2. You must have a HACCP plan that, at a minimum, lists monitoring procedures and their frequency for each critical control point, to comply with 21 CFR 123.6 (c)(4). However, your firm’s revised HACCP plan for smoked salmon cream cheese does not list the monitoring frequency at the “storage” critical control point to control pathogens. This monitoring procedure provides no information related to the temperature conditions of the products during extended refrigerated storage. FDA recommends continuous monitoring and recording of storage temperatures on a 24 hour a day/7 day a week basis with a daily check of the temperatures and the equipment.
3. Because you chose to include a corrective action plan in your HACCP plan, your described corrective actions must be appropriate, to comply with 21 CFR 123.7(b). However, your corrective action plan for smoked salmon cream cheese at the “storage” critical control point to control pathogens is not appropriate. For example, your firm’s HACCP Plan for “Salmon Cream Cheese” included in your response lists “Research/Document Root Cause and solution within one week” as a corrective action for the critical control point of “Salmon Cooling/Storage.” This does not ensure the specific causes of deviations from this critical control point are investigated and addressed adequately. Further, it does not prevent the distribution of potentially unsafe product.
Additionally, FDA analysis of environmental swabs collected at your facility during the inspection found the pathogen Listeria monocytogenes (L. monocytogenes) in two locations at your facility (underneath the (b)(4) Processors and on the wall near the (b)(4) Processor.) Your response was not adequate. The findings of L. monocytogenes on non-food contact surfaces are of concern in conjunction with the insanitary conditions (e.g., flies, splashing water.)
L. monocytogenes, which can grow at refrigeration temperatures, is a pathogenic bacterium that can contaminate foods, resulting in a mild illness called listerial gastroenteritis or a severe, sometimes life-threatening, illness called invasive listeriosis.   Immune-compromised individuals, the elderly and unborn fetuses are particularly susceptible to listeriosis. FDA recommends that your sanitation controls include effective environmental monitoring programs designed to identify and eliminate and/or control pathogens such as L. monocytogenes in and on surfaces and areas in the facility where contamination could result in food product contamination. Specifically, strict in-plant sanitation measures need to be instituted to eliminate L. monocytogenes or prevent its proliferation in a food-processing establishment. If your environmental monitoring program detects the presence of Listeria spp. in the processing facility, you should institute immediate corrective actions including intensified cleaning and sanitizing operations, and further testing to ensure L. monocytogenes does not occur in finished product.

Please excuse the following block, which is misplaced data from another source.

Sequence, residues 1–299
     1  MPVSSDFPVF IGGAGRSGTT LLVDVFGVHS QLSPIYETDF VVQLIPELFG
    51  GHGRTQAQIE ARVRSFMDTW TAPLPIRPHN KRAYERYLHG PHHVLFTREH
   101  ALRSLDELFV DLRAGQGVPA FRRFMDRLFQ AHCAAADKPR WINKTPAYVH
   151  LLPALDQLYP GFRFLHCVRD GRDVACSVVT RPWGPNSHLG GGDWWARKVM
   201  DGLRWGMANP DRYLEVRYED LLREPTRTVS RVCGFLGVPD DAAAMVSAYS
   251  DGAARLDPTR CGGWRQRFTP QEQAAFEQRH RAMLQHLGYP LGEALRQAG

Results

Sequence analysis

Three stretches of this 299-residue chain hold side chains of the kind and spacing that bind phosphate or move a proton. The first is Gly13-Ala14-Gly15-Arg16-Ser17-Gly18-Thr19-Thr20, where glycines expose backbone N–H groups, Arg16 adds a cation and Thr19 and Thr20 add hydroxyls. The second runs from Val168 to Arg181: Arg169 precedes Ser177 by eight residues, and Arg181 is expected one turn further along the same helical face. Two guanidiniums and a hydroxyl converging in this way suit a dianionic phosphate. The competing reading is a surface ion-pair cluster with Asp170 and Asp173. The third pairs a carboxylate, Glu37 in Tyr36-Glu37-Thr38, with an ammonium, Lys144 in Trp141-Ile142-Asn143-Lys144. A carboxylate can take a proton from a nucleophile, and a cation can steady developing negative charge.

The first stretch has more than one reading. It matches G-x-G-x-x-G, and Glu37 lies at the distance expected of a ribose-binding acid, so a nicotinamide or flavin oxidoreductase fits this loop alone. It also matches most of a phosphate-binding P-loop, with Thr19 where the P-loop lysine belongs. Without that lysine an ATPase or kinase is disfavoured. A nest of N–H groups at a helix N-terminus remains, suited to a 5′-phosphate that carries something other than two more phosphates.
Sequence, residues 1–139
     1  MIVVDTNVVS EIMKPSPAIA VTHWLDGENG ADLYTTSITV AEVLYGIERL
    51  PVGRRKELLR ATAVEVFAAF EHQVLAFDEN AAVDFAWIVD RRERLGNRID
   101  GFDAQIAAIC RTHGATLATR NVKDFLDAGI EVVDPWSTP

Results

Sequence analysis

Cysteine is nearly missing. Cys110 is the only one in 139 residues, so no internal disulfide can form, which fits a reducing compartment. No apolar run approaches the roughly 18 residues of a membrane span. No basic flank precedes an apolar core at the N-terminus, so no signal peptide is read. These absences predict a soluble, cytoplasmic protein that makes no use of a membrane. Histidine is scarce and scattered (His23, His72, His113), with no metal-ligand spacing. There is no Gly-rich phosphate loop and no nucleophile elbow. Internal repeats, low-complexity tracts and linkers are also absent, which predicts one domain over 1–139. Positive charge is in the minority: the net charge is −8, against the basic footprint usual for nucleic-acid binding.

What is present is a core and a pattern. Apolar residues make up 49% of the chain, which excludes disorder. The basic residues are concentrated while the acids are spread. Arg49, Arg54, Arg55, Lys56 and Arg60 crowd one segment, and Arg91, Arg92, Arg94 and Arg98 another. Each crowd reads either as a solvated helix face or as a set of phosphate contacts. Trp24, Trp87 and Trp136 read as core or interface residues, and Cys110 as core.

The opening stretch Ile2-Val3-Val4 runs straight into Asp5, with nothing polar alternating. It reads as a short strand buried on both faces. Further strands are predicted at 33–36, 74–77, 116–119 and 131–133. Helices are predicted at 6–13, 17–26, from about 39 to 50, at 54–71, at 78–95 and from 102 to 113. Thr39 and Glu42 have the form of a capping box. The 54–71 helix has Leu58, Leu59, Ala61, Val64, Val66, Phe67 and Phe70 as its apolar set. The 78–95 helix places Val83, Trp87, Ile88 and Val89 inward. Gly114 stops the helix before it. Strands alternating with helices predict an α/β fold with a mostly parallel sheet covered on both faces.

We may take further action if you do not promptly correct these violations. For instance, we may take further action to seize your products and/or enjoin your firm from operating.

We request that you notify this office in writing, within 15 working days from your receipt of this letter, of the current status of your corrective actions and the specific steps you have taken to correct the noted violations. If you cannot complete all corrections before you respond, we expect that you will explain the reason for your delay and state when you will correct any remaining violations.
This letter may not list all the violations at your facility. You are responsible for ensuring that your processing plant operates in compliance with the Act, the seafood HACCP regulations (21 CFR Part 123) and the Current Good Manufacturing Practice regulations (21 CFR Part 110). You also have the responsibility to use procedures to prevent further violations of the Act and all applicable regulations.
Please send your reply to the Food and Drug Administration, Attention: Todd J. Maushart, Compliance Officer, One Montvale Ave, Stoneham, MA 02180. If you have questions regarding any issues in this letter, please contact Mr. Maushart at 781-596-7844.
Mutahar S. Shamsi
District Director
New England District
Mr. John Ovitt
General Manager
Franklin Foods, Inc.
East Street
P.O. Box 486
Enosburg Falls, VT 05450